I’m taking a break from my vacation posts to fill everyone in on some serious happenings in my neck of the woods. From what I understand from my compadres at home, Bosnia is not leading the six o’clock news each night. Shocker. You see, Bosnia is sort of the red headed stepchild of Europe. So much so that for some time, even many Bosnians have seen themselves that way. Call it a self fulfilling prophecy. And as with all such prophecies, people eventually roll over and become that forever, or they rise up and demand more. I think we are on the cusp of the Bosnian people making that crucial decision.
I am by no means a scholar of the Balkans, the former Yugoslavia or even the Siege. What I am a scholar of is the people around me. I love to hear their stories and know their hearts. That is why Bosnia has become so personal to me. And that is why when buildings started burning, I got very concerned. Probably not in the way you might expect. I have never lived in fear of my life or the lives of my children. I have lived a charmed life and am very aware of it. The majority of the world cannot say the same. I also serve a powerful and awesome God. I trust Him. Full stop. So, I know that as buildings start falling, I have an exit plan. But not all the people I have come to like, love, respect, admire and cherish do. So burning buildings in my backyard get my attention.
Depending on which articles you read, Bosnia has an unemployment rate of anywhere between 25% and 50%. For the record, it’s much closer to 50%. And that doesn’t include the “underemployed.” You know, the pharmacist who cleans houses or the engineer who drives a taxi. So, people are hungry- literally and figuratively. This is also the single most overgoverned country in the world, that still uses a peace treaty from twenty years ago like it’s a permanent constitution. And said government is also one of the most corrupt in Europe, if not the world.
Not too far from Sarajevo, is a town called Tuzla. It is the industrial heart of Bosnia, at one time boasting many factories. At the beginning of the month, another one of those factories was privatized and closed down, leaving hundreds of workers now unemployed. They’d finally had enough, and government buildings were stormed and set on fire. The unrest didn’t stay confined to Tuzla, but bled into Sarajevo, Mostar and Banja Luka. In the blink of an eye, my city was on fire. Traffic getting in and out of the city center was abysmal. Schools closed early, and we were all told to stay home. When the smoke cleared, this is what we saw. (photo credits to my lovely husband who went down the next morning to scope out the damage)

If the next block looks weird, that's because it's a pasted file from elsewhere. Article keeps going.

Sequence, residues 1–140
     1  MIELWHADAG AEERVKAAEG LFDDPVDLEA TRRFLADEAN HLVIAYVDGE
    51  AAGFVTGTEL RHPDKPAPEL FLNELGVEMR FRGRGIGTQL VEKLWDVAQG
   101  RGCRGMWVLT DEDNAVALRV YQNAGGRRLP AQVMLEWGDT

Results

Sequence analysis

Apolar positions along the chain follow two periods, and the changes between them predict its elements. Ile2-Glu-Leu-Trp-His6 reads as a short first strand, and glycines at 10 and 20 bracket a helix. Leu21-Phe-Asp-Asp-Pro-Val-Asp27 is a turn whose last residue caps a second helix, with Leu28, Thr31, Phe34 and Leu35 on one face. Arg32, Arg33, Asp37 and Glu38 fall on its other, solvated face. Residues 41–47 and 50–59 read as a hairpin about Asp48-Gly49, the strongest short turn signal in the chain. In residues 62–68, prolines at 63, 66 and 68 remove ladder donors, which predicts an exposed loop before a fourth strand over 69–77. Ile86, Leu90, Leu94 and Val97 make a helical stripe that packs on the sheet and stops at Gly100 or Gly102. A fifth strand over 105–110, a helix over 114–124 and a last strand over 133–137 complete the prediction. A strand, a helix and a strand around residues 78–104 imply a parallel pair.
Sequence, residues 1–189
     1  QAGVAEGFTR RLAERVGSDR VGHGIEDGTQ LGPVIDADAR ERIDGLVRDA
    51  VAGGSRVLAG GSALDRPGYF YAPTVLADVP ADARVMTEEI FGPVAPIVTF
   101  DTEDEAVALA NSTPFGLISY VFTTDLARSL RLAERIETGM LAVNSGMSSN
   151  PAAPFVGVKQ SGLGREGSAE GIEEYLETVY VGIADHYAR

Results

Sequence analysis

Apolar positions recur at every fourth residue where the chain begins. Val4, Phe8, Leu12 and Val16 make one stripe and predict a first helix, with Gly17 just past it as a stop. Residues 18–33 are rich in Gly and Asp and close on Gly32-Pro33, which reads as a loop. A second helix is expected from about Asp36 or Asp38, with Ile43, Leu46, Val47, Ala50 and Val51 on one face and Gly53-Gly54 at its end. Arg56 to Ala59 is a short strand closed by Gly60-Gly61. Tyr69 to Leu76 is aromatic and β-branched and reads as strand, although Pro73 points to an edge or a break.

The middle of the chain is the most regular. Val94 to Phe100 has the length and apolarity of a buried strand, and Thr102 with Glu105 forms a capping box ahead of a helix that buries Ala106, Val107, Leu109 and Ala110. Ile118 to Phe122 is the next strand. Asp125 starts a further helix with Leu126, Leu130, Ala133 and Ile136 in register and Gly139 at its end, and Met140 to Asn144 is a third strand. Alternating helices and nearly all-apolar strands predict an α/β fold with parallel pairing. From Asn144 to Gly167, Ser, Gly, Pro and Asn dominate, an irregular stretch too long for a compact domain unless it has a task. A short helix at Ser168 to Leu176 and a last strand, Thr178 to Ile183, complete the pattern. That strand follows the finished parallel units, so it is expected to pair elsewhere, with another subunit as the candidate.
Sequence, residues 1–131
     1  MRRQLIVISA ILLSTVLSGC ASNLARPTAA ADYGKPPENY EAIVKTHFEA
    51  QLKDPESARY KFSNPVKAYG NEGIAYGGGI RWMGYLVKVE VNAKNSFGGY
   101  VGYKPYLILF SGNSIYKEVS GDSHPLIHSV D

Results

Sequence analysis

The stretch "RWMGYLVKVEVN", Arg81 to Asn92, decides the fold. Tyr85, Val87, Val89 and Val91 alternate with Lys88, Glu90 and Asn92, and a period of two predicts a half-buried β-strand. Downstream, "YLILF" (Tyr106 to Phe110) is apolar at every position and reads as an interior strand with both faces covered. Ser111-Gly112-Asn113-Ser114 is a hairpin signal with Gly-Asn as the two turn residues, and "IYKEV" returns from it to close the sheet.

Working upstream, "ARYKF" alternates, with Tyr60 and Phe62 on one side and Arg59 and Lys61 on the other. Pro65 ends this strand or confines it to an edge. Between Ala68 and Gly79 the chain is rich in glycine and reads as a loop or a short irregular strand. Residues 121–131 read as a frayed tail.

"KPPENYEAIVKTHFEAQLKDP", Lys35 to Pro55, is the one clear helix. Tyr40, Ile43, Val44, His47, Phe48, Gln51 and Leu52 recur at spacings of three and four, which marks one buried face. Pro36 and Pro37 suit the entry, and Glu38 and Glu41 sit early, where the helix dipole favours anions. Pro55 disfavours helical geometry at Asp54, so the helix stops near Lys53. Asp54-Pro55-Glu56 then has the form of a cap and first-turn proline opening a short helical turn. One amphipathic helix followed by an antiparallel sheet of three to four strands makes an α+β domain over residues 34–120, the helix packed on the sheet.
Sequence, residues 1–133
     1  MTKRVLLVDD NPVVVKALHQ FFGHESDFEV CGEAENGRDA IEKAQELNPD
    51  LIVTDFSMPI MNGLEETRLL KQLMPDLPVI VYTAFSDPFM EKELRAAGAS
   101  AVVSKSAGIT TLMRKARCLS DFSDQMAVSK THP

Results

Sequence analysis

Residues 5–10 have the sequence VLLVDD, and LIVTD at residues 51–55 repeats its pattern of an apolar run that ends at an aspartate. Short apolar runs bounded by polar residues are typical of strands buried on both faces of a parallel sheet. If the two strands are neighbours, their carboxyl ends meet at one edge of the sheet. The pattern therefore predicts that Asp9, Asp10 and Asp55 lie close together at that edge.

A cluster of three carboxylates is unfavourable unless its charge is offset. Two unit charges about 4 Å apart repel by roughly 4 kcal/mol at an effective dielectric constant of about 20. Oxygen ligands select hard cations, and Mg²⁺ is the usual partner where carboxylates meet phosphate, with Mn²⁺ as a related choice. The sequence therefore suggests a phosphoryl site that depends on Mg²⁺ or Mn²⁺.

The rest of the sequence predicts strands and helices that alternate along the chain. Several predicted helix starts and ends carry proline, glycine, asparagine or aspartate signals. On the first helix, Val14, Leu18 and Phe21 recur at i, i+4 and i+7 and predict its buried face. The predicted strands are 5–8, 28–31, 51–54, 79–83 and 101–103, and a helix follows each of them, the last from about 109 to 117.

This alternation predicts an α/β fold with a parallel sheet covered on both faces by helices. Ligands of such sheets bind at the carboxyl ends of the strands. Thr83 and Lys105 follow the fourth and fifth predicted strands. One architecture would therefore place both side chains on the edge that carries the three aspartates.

Strangely, this was the last of the burning in Sarajevo so far. I say strange because usually protests of this nature begin peacefully and grow into violence. Thus far, this has been the opposite. Don’t get me wrong, there have been protests almost everyday since these pictures were taken. But they have been peaceful as this group is getting organized and determining what they are actually fighting for. It is my hope that they do organize and demand more. That they demand their government serve the people of Bosnia, regardless of what “ethnicity” the leaders want them to attach themselves to. That they demand a safe country, with jobs, stability and a future. And more than anything, I hope this momentum continues and the everyday Bosnians that I have come to like, love, respect, admire and cherish will create a new prophecy for themselves. One that is prosperous and honorable. One that they can be proud of, free of fear and corruption. Peace, prosperity and love.